The Coordination Framework which runs the central government was hoping to take over most of the provinces after the December local elections. They have faced three early defeats however.
The biggest setback was in Basra where sitting governor Assad al-Eidwani was re-elected. Asaib Ahl Al-Haq was hoping to take control of the governorate but its efforts failed. After Baghdad Basra is the second most coveted province for the Shiite parties because of its wealth and importance to the economy since it holds most of the country’s oil and natural gas deposits.
In Wasit Governor Mohammed Jamil al-Mayahi was voted back in. He is close to Moqtada al-Sadr the main rival of the Framework which is why the list wanted the governor out.
Finally, in Salahaddin the Framework complained that the top positions were not divided up according to how well the winners did as is tradition.
This must be disappointing to the Coordination Framework. The list wanted to replace all the governors in Iraq and take control of the south to consolidate its hold on the state. That didn’t happen. Basra must be especially hard for the Framework because it was denied most of Iraq’s oil wealth, while in Wasit its enemy Sadr maintain some of his influence.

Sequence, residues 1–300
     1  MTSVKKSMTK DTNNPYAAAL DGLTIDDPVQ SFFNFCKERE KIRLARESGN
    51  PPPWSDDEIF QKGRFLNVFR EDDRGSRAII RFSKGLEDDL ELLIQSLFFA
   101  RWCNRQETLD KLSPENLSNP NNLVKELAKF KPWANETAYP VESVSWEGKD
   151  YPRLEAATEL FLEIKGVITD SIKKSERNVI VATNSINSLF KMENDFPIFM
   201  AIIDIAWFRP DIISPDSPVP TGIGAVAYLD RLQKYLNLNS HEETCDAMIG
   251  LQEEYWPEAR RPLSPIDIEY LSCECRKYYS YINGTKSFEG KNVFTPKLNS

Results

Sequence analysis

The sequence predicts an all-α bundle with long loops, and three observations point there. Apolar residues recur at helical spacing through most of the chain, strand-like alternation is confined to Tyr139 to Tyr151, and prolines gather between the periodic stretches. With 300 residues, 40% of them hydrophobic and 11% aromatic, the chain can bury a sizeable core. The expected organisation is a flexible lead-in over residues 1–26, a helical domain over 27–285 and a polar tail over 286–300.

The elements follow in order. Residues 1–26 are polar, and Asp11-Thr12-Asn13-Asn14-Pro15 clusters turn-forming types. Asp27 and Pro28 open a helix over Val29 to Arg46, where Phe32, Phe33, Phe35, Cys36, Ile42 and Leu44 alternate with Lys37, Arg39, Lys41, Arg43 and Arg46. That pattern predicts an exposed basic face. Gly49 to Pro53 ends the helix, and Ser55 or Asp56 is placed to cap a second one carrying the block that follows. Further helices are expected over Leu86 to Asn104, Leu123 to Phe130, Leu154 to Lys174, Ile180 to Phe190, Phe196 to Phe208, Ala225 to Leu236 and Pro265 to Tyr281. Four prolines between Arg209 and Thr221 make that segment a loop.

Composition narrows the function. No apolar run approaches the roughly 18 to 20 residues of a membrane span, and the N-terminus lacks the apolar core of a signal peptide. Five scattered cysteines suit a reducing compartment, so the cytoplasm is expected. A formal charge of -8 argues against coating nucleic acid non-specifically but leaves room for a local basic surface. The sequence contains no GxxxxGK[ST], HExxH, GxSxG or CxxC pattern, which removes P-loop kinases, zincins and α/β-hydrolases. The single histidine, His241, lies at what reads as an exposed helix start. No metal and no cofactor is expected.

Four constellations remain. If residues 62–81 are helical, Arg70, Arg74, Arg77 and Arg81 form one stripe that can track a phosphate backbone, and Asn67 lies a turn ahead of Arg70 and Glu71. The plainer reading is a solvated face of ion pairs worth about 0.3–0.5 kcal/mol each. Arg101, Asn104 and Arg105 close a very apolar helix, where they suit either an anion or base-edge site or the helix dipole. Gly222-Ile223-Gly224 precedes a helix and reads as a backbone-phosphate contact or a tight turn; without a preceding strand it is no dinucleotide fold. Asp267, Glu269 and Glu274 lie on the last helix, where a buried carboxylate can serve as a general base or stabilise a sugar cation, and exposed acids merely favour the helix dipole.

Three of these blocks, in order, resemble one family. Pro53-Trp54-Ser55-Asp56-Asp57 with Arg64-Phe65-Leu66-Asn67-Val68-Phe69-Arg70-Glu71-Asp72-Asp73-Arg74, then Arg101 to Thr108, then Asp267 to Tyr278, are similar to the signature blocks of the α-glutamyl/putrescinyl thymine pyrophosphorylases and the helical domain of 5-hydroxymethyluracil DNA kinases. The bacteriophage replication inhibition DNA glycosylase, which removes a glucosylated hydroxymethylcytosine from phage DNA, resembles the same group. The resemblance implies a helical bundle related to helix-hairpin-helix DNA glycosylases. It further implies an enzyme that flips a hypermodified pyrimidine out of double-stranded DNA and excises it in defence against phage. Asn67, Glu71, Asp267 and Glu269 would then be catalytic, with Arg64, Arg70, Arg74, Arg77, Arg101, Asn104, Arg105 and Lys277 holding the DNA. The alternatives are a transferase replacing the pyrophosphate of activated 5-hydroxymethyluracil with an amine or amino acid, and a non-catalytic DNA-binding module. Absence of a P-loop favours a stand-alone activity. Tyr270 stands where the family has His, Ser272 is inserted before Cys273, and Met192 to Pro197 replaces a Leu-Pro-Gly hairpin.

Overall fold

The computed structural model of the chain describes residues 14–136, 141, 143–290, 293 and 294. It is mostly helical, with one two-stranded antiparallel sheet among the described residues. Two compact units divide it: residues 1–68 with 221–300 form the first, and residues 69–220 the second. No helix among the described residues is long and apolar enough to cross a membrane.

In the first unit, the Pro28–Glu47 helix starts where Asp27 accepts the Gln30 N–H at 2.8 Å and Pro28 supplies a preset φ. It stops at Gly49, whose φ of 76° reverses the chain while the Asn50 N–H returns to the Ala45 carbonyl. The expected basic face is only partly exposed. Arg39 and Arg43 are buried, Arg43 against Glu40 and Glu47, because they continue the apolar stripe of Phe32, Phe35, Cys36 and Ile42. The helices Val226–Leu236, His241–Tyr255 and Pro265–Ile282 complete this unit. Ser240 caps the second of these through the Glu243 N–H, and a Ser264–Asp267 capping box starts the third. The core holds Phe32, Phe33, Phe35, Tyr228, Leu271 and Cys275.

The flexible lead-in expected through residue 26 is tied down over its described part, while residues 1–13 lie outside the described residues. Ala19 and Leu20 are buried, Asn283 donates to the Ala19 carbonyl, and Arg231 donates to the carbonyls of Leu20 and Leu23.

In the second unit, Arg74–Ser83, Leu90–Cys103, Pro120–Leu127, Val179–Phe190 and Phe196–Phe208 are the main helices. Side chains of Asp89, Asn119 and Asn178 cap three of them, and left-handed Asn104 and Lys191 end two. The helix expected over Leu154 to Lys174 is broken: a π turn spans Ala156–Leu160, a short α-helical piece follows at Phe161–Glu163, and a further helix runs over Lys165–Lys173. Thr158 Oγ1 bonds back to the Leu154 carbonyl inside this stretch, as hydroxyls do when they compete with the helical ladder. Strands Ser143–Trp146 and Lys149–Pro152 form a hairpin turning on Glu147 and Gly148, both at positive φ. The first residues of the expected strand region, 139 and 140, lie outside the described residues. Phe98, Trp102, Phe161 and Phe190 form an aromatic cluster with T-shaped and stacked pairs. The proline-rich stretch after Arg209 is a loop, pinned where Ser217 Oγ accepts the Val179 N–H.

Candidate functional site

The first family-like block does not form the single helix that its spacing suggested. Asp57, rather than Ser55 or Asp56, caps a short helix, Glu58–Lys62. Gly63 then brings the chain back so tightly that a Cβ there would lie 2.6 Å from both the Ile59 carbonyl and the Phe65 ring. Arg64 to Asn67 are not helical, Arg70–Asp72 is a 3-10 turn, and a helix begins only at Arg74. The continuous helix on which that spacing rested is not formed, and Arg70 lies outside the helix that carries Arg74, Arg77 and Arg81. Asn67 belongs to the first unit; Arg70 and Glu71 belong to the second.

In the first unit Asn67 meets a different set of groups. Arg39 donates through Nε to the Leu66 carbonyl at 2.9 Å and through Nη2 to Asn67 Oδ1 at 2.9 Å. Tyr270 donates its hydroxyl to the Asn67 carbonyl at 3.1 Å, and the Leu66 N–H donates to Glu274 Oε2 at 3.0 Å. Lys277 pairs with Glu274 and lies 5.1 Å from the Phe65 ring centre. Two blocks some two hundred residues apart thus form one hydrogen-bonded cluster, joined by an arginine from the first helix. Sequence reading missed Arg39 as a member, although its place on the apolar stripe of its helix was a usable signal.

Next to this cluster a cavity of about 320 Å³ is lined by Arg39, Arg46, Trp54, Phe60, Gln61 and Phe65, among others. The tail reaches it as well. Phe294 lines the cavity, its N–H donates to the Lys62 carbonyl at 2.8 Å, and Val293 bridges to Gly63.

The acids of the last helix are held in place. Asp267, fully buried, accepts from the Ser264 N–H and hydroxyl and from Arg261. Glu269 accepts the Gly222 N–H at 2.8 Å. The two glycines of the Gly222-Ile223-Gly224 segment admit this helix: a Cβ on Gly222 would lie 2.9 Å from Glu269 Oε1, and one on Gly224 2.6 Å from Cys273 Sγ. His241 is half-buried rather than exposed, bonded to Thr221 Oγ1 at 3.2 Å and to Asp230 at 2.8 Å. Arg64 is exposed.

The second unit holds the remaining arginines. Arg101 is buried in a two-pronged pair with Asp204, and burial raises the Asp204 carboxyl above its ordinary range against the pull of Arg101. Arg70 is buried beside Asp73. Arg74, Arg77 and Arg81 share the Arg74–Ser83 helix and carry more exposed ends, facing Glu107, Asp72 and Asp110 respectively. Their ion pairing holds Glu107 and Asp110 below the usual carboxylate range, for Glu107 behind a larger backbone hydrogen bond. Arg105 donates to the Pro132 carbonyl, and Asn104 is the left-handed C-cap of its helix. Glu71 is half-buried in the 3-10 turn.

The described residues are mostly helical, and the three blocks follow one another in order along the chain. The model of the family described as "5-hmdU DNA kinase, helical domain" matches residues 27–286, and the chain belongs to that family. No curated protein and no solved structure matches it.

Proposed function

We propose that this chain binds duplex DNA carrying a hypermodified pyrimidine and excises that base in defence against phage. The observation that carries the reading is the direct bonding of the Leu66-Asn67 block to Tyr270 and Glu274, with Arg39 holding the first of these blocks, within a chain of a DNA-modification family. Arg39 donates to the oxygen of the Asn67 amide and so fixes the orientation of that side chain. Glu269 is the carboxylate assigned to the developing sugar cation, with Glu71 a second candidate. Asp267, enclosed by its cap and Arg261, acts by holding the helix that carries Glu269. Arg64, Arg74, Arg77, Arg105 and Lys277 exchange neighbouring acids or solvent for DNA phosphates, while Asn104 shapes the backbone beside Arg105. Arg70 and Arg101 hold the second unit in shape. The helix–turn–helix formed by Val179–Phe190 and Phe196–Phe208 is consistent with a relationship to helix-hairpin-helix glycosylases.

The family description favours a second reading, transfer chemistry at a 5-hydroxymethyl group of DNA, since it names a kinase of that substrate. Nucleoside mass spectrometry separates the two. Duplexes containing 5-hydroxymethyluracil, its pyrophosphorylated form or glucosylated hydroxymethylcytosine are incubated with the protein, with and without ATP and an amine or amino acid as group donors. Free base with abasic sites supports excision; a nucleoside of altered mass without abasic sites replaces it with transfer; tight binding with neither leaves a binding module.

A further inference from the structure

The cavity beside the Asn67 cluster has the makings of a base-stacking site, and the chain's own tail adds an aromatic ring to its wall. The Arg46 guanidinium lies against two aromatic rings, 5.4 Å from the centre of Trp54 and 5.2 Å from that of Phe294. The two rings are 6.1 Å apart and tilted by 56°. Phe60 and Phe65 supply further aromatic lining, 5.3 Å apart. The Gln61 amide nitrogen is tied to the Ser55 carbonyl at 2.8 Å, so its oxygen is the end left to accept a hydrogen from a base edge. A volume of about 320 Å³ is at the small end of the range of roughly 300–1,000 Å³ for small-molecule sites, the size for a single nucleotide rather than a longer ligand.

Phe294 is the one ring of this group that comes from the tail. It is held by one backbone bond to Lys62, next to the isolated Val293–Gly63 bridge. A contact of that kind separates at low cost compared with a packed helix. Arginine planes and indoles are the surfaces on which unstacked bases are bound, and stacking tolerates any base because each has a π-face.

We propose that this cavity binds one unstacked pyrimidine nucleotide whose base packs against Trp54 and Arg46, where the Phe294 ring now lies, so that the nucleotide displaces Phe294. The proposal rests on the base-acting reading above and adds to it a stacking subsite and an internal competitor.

Al Aalem, “3 governorates shock the Coordination Framework and reveal the extent of the differences within it,” 2/5/24
- “One seat decides the new Wasit Council .. The conflict is intense between the governor and the Framework,” 12/2523
Buratha News, “Basra Provincial Council renews Al-Eidani’s mandate,” 2/5/24
Chalak, Chenar, “Ahmed al-Jubouri appointed new Salahaddin governor,” Rudaw, 2/4/24
Iraq News Network, “Wasit Council renews the retention of the current governor in the position,” 2/5/24
Al Mada, “The Framework list, open and in the shadows, controls more than half the provincial seats,” 12/20/23
- “Governorates are decided for Al-Taram, but the problem is with Al-Sadr and one for Al-Halbusi and Abu Mazin,” 12/23/23